Under the Hood
---- — I’m hoping you can help me with my 2001 Blazer. It has failed to start on a dozen or so occasions. It will make no sound when I turn the key. About two or three different times, someone did something down at the starter and it started. Another time, someone jiggled the battery cables and it started. My mechanic replaced the starter relay, but that didn’t help. It has 160,000 miles. I’m very frustrated with this problem as no one seems to be able to fix it.
I can appreciate your frustration as an intermittent no-start condition can place you in an inconvenient or dangerous situation. Not knowing when it will happen can also be very unnerving. Your description of no sound helps pin this down as a no-crank starting problem as opposed to a cranking no-start (run) issue. Possible culprits include the battery, battery terminals, ignition switch, park-neutral switch, starter relay, wiring to starter and starter connections, and the starter itself. A check of wiring diagrams rules out the Blazer’s security system as a possible cause. Let’s wade through these and rule out as many as possible. You’ll need to endure just one more episode to get to the bottom of this.
It sounds like the battery is OK, as you don’t mention needing to jump-start the Blazer. To be sure, during an unsuccessful cranking attempt, turn on the headlights. If they remain bright as the key is tried, the battery and battery cable terminals are OK.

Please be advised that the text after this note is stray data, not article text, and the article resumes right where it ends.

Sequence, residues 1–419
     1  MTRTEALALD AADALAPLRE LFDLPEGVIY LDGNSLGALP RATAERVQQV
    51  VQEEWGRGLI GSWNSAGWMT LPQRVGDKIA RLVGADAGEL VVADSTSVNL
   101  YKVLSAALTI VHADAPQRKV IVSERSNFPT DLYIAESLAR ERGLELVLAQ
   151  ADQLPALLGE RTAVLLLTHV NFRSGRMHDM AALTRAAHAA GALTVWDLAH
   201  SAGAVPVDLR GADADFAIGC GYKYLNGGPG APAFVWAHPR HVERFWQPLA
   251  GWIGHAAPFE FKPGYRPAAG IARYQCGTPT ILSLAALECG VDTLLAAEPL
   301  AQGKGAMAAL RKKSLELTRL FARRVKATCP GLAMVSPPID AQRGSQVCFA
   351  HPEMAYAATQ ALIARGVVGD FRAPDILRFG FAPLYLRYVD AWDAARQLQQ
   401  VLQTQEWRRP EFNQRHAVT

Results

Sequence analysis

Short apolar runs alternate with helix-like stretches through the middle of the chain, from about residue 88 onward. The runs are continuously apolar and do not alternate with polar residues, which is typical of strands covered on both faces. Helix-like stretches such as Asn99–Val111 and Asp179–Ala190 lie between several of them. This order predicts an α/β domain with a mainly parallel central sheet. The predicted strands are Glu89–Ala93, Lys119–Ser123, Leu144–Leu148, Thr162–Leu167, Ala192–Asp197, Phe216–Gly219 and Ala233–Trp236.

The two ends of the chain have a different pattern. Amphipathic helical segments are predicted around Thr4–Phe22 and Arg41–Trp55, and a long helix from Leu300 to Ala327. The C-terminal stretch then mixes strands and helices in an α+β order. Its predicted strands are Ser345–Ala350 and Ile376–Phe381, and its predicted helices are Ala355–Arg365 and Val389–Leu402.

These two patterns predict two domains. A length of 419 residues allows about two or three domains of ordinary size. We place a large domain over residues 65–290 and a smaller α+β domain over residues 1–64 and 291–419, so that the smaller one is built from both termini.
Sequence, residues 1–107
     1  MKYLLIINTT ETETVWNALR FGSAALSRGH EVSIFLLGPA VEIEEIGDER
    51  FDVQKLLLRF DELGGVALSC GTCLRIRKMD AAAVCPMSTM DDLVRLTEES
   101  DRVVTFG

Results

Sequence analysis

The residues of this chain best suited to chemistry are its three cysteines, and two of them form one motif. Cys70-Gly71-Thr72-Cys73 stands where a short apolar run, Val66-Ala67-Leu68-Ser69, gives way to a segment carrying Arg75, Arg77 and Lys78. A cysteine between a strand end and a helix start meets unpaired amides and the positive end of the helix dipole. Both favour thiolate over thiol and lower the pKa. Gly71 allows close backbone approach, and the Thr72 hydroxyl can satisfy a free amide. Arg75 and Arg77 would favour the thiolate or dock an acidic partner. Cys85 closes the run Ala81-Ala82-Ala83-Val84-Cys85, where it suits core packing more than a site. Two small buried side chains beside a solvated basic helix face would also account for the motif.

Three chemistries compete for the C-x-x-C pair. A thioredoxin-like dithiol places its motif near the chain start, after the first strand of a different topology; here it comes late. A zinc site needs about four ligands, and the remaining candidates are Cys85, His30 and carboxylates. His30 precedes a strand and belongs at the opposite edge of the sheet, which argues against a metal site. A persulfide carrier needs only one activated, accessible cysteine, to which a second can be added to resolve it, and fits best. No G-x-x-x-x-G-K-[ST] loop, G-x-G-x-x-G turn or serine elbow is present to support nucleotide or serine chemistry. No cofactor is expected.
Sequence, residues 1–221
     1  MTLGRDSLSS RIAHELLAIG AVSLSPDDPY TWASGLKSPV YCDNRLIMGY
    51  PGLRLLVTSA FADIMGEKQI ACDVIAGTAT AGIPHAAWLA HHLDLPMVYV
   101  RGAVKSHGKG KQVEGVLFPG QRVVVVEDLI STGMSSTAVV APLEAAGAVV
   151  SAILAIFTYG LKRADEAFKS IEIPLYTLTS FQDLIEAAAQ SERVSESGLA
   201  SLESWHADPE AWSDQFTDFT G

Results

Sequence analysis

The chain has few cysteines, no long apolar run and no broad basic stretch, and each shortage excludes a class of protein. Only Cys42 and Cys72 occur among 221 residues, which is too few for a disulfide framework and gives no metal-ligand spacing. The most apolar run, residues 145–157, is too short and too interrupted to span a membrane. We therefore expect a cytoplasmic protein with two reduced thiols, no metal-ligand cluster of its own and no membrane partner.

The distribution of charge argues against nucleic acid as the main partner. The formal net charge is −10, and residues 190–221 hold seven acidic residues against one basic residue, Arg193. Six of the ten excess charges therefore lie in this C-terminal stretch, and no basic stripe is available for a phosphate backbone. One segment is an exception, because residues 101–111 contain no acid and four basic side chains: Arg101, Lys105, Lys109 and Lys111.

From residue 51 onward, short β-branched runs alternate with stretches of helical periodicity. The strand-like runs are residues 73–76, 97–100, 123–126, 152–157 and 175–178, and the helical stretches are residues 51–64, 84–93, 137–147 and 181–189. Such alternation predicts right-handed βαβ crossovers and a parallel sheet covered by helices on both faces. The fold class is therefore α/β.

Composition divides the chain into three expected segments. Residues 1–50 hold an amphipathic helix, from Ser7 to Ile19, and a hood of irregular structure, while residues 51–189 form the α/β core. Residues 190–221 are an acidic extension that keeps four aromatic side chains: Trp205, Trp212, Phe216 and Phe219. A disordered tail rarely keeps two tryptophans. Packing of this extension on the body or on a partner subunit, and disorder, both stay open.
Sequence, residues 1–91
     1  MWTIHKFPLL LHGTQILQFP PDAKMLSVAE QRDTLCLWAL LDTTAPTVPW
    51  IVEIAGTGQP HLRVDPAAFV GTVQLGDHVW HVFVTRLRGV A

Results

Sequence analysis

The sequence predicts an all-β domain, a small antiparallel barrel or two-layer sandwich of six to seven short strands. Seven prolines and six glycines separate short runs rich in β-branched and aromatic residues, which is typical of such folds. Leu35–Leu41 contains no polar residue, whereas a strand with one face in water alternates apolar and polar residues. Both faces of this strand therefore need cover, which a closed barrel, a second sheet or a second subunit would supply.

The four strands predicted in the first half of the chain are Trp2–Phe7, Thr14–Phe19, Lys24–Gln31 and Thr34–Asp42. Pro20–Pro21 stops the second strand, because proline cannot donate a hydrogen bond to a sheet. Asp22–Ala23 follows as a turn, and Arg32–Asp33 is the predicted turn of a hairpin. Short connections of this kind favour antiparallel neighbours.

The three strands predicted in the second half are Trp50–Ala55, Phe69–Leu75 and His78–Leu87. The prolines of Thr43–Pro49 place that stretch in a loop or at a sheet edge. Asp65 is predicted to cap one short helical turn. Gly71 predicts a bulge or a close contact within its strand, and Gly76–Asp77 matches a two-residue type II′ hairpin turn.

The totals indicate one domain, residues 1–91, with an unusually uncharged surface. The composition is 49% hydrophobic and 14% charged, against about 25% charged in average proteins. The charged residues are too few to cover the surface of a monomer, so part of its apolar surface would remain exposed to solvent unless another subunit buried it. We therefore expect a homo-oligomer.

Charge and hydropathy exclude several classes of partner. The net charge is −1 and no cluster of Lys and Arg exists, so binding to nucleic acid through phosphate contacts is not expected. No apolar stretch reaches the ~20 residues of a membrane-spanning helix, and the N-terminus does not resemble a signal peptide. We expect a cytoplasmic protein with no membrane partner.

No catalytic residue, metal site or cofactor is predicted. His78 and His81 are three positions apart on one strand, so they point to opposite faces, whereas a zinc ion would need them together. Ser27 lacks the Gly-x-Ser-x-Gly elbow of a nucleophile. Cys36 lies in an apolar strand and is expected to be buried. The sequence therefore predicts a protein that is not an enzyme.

Next are the ignition and park-neutral switches. During an unsuccessful cranking episode, try working the key start position by rotating the key less, more etc. Same goes for the park-neutral switch, try selecting neutral, wiggling the shift lever, exploring the edges of both the park and neutral shifter detents as the key is held to the crank position. If even brief cranking or noises are heard, the wiggled switch is likely the problem.
Your starter relay lives in a very convenient, accessible location within the under-hood fuse box, a 5-inch square plastic black box with a knob-attached lid, under the hood on the left-upper side. Try removing the cover and feeling the relay — a 1-inch square black cube, centered in the box — as a helper successfully cranks the engine. You’ll feel a click. Now you know what to check for next time the Blazer fails to crank. If the relay fails to click during a no-start episode, the fault is likely within the ignition or park-neutral switches, or a loose terminal at connector C-100 at the firewall. Since the relay is new and didn’t fix the problem, I’ll take a chance and rule it out as a likely culprit.
Now we’ll close in for a solution: If during a no-crank episode the headlights do not dim and the relay clicks as the key is tried, the fault almost has to be within the starter. With 160,000 miles on the clock, the starter, if original, is on borrowed time. Its brushes are likely worn very short and may make only tentative contact with the armature. A swift smack to the starter can often induce the parts to work briefly — that may have been what was tried by the helpers. A loose electrical connection at the starter is also a possibility, but these are virtually impossible to access without removing the starter. If going to the trouble to do this, I’d renew it anyway.
Brad Bergholdt is an automotive technology instructor at Evergreen Valley College in San Jose, Calif. Readers may send him email at firstname.lastname@example.org; he cannot make personal replies.